Maya Angelou is a rapper now. The late writer’s poems have been layered with hip-hop beats for a new album, Caged Bird Songs. The album uses previous recordings of Angelou and a few made last year. “She saw (hip-hop) as this generation’s way of speaking and conveying a message,” her grandson Colin A. Johnson said. Pair with: Our tribute to Angelou.
The Kindle edition of one of our Most Anticipated Books is on sale at $1.99. Our Man in Iraq, a novel by Robert Perišic, follows two Croatian cousins who manage to get caught up in the frenzy of the Iraq War. You can find out more in John Feffer’s interview with Perišic. (h/t Buzz Poole)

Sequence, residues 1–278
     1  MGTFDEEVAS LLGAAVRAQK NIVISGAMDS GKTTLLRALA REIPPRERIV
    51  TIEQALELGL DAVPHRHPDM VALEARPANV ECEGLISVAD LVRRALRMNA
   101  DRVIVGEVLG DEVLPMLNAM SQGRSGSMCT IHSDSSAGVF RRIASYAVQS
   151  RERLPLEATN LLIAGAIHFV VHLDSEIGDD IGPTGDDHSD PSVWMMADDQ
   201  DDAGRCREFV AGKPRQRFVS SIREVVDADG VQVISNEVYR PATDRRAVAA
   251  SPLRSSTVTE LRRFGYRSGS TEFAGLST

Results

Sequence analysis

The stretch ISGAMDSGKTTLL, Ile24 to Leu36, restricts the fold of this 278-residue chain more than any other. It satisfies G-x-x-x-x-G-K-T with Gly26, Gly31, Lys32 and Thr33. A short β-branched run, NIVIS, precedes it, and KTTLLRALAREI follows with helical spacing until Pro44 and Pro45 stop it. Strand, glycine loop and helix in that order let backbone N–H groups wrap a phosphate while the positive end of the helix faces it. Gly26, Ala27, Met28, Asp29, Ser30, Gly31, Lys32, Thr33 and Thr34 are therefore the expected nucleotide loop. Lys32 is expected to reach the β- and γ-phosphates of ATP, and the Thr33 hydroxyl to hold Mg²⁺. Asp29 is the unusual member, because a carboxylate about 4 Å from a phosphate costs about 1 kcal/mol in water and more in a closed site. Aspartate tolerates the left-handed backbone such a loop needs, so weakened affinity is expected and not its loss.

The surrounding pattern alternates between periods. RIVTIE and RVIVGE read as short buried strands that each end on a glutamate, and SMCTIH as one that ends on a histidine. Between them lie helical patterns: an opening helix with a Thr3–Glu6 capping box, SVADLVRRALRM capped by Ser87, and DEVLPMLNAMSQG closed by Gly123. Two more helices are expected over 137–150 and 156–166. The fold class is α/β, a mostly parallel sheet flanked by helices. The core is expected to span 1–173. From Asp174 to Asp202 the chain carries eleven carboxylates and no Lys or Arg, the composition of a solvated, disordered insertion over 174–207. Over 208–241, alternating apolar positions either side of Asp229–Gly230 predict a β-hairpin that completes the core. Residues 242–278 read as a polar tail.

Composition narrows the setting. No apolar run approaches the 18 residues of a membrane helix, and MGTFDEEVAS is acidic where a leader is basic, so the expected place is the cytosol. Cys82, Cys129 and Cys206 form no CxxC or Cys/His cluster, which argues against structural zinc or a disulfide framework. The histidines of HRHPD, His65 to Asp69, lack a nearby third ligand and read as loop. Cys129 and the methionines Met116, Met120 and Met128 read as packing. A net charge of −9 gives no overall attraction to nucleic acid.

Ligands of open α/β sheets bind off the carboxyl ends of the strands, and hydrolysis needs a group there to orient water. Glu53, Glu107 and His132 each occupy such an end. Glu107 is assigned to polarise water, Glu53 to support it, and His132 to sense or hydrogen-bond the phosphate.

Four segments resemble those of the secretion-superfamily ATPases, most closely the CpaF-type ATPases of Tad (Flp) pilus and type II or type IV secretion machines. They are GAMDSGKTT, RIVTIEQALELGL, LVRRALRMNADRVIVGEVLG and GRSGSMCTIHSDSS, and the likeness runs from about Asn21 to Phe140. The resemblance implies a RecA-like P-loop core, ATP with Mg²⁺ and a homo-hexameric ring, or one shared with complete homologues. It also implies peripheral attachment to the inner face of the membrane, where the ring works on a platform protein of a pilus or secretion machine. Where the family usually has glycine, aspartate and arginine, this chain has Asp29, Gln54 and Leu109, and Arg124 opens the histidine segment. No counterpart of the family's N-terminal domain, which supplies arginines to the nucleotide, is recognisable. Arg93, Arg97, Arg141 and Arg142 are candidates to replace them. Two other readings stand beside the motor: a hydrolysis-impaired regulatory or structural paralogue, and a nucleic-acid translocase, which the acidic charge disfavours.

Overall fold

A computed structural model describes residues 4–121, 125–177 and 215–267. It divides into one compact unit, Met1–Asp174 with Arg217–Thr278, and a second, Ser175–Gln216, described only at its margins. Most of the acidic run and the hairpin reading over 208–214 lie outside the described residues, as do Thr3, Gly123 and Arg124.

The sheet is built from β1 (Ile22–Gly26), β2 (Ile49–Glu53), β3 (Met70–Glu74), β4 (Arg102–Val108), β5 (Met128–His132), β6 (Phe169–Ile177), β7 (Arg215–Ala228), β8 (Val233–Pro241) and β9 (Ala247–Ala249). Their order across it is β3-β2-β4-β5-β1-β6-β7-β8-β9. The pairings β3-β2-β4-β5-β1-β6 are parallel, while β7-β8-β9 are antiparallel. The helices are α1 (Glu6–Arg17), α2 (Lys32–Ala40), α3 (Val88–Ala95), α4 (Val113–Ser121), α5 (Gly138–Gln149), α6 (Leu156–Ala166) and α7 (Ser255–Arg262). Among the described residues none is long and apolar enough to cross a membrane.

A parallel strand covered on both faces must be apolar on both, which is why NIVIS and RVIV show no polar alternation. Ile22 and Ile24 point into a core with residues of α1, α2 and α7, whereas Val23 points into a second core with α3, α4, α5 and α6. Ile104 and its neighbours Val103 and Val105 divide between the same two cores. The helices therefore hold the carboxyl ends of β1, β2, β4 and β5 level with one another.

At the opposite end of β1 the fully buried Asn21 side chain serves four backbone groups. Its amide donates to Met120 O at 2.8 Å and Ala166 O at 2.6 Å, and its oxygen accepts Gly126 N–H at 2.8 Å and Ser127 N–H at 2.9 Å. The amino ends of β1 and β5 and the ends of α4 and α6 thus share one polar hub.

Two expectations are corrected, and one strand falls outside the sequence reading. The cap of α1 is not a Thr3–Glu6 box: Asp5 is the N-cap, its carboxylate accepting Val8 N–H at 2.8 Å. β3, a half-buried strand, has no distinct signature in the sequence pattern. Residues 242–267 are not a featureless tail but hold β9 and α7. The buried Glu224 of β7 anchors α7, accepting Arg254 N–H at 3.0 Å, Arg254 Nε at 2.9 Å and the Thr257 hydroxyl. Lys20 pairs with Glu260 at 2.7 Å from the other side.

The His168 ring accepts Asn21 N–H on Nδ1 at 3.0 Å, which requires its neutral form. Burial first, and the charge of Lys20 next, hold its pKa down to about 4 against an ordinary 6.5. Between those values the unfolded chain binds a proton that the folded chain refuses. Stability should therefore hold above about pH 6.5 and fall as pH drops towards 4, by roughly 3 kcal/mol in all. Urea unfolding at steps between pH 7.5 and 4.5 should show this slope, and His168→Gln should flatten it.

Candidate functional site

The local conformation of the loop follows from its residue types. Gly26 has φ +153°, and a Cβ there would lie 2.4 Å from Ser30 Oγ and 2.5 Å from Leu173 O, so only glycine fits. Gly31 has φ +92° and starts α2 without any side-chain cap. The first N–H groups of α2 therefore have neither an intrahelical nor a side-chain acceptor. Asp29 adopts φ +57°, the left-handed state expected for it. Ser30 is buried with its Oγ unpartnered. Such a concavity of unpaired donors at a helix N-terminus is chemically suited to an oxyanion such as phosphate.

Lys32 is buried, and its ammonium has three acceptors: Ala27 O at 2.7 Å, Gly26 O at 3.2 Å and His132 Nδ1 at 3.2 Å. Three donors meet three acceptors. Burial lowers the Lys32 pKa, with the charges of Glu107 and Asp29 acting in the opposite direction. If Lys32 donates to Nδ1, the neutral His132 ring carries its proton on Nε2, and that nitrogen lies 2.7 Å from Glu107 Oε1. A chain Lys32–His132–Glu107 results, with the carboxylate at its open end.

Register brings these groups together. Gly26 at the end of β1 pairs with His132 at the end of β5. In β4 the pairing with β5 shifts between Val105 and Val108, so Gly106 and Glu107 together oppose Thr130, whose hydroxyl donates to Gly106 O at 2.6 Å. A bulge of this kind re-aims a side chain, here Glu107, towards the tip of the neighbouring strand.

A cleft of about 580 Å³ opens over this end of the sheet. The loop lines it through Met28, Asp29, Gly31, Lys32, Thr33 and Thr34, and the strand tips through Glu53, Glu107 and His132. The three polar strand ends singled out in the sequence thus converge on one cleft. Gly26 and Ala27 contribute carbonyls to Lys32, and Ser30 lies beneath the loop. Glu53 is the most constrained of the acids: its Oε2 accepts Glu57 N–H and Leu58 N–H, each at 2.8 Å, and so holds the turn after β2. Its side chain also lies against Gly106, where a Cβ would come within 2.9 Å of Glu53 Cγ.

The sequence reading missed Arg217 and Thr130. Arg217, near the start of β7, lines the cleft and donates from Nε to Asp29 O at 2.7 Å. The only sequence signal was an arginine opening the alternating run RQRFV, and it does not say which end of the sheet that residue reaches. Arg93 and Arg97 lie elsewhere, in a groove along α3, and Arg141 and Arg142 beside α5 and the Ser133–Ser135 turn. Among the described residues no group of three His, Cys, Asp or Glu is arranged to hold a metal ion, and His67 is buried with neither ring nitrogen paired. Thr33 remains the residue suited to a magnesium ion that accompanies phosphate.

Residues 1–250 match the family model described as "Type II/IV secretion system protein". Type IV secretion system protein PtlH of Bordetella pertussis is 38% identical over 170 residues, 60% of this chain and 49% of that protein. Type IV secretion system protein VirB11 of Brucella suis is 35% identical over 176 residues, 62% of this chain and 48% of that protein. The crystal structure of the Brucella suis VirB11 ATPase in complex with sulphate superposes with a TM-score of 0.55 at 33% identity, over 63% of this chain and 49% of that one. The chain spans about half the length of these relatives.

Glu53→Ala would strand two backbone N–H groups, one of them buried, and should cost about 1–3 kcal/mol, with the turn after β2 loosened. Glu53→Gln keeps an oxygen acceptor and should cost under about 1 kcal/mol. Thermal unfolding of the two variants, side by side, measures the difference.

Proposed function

Where The Wild Things Are, the beloved children’s story written and illustrated by Maurice Sendak, arrives in US theaters in cinematic form this Friday, October 16th; see the trailer here. The excellent Spike Jonze (Adaptation, Being John Malkovich) directs.
“I don’t want to settle for distraction; I want to look forward to reading my book with the palpitating excitement of a second date with someone I’ve already fallen for. I want to miss my stop. Ideally, I’ll miss a few.” While it can be easy to spot a beach, airplane, or cabin read, Adam Sternbergh‘s writes about finding the perfect “subway read” for the New York Times. From our archives: our own Nick Ripatrazone‘s essay on reading and writing on trains.